EMMI workshop: Neutron Matter in Astrophysics: From Neutron Stars to the r-Process



Planckstr. 1 64291 Darmstadt
Friedrich-K. Thielemann, Gabriel Martinez-Pinedo, Michael Heil, Rene Reifarth, Thomas Aumann
In 2010 the most important conference in Nuclear Astrophysics (Nuclei in the Cosmos, NIC-XI) will take place in Heidelberg, Germany. It is hosted and organized by research groups from the Universities and Research Centers in the Rhine/Main/Neckar region, the upper Rhine valley and the Munich Excellence Center Universe (i.e. including the Universities of Mainz, Giessen, Frankfurt, Darmstadt, Heidelberg, Basel and Munich plus the Frankfurt Institute of Advanced Studies FIAS, GSI Darmstadt, and the Max Planck Institutes for Chemistry, Nuclear Physics and Astrophsics in Mainz, Heidelberg and Garching). This satellite workshop focuses on topics with direct relations to the main activities of the ExtreMe Matter Institute EMMI. Presently the origin of r-process nuclei is not understood. The abundance evolution is linked to the understanding of exotic nuclei, the site (determining the environmental conditions, like density, temperature, entropy, neutrino luminosities and the resulting global neutron/proton ratio) is related to the properties of neutron stars. Thus, the two major uncertainties for understanding the r-process are addressed by research activities at GSI/FAIR and are of interest for EMMI. The workshop intends to bring together experimentalists and theoreticians working on topics in nuclear structure, compressed baryonic matter, neutrino physics and astrophysics as well as observational astronomy in a truly interdisciplinary way. Summary of workshop topics: - r-process scenarios - exotic nuclei: their properties and reactions - neutron stars: formation, equation of state, evolution - neutron star mergers - observations of r-abundances in low metallicity stars. (See also the scientific programme)
  • Achim Schwenk
  • Alexey Illarionov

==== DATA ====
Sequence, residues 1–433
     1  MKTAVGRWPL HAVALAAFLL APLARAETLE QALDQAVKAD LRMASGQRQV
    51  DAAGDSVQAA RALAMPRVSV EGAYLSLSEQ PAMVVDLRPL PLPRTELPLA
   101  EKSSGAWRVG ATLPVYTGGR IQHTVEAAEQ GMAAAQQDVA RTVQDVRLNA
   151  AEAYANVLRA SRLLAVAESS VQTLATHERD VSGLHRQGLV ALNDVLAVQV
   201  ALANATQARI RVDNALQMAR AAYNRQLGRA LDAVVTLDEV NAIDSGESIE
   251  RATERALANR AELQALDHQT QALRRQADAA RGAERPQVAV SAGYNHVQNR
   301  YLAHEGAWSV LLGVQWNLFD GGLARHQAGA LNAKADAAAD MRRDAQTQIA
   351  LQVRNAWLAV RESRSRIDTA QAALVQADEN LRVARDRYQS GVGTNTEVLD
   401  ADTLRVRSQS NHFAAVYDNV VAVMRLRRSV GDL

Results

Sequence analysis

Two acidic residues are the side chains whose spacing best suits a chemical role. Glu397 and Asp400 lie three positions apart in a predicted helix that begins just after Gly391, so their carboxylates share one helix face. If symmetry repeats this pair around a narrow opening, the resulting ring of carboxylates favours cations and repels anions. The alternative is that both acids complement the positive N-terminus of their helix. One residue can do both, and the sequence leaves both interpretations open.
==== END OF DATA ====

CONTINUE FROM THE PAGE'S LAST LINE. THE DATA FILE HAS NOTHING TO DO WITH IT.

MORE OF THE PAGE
• Almudena Arcones
  • Anna Frebel
  • Bengt Friman
  • Brian Metzger
  • Cesar Domingo-Pardo
  • Chris Sneden
  • Christian Winteler
  • David Blaschke
  • Debades Bandyopadhyay
  • Debarati Chatterjee
  • Dietrich Habs
  • Fernando Montes
  • Friedrich Thielemann
  • Gabriel Martínez Pinedo
  • Gail McLaughlin
  • Hans-Thomas Janka
  • Hermann Wolter
  • Igor Iosilevskiy
  • Irina Sagert
  • Iris Dillmann
  • Isaac Vidana
  • Ivan Borzov
  • Ivan Borzov
  • James Lattimer
  • Jaziel Goulart Coelho
  • Juergen Schaffner-Bielich
  • Kate Jones
  • Konstanze Boretzky
  • Luke Roberts
  • M.vAngeles Perez Garcia
  • Marita Mosconi
  • Masatoshi Takano
  • Matthias Hempel
  • Michael Heil
  • Nobuya Nishimura
  • Partha Roy Chowdhury
  • Ralf Plag
  • Rebecca Surman
  • Riza Ogul
  • Rob Hoffman
  • Rodrigo Picanco Negreiros
  • Sarmistha Banik
  • Stefan Schramm
  • Stefan Typel
  • Stephane Goriely
  • Thomas Aumann
  • Thomas Schaefer
  • Tobias Fischer
  • Tomas Rodriguez
  • Torsten Schürhoff
  • Veronica Dexheimer
  • Yong-Zhong Qian
    • 14:00 15:30
      Session 1: r-process: Observations vs. models
      • 14:00
        Neutron-Capture Element Observations in Low-Metallicity Stars: Joys and Frustrations 30m
        Neutron-capture elements often are extremely overabundant in metal-poor halo stars. In some cases we have been able to determine accurate abundances or significant upper limits to over 30 elements with Z>30. These detailed abundance distributions can provide significant constraints on neutron- capture nucleosynthesis predictions. But how well do we really know the neutron-capture abundances? What can we trust, and what must be viewed with a lot of caution? In this talk, the view from a stellar spectroscopist's perspective, I will try to demonstrate which abundances are probably rock-solid, which have significant uncertainties, and which are more hopeful than assured. Cautions for the consumer, and suggested avenues for future improvements will be provided.
        Speaker: Prof. Chris Sneden (University of Texas at Austin)
      • 14:30
        r-Process Nucleosynthesis and Early Chemical Evolution 30m
        Observations of elemental abundances in metal-poor stars in the Galactic halo and dwarf galaxies are used to shed light on the stellar sources for the elements (1) from Na to Zn, (2) from Sr to Ag, and (3) from Ba to U. The production of Sr, Y, and Zr in the neutrino-driven winds from nascent neutron stars provides a key insight into the diverse sources operating in the early universe. It is shown that a wide range of core-collapse supernovae associated with neutron star and black hole formation are required to account for the observations. A self-consistent framework to explain these data requires low-mass core-collapse supernovae to be the source for the r-process.
        Speaker: Prof. Yong-Zhong Qian (University of Minnesota)
      • 15:00
        Origin of the LEPP nuclei in supernovae 30m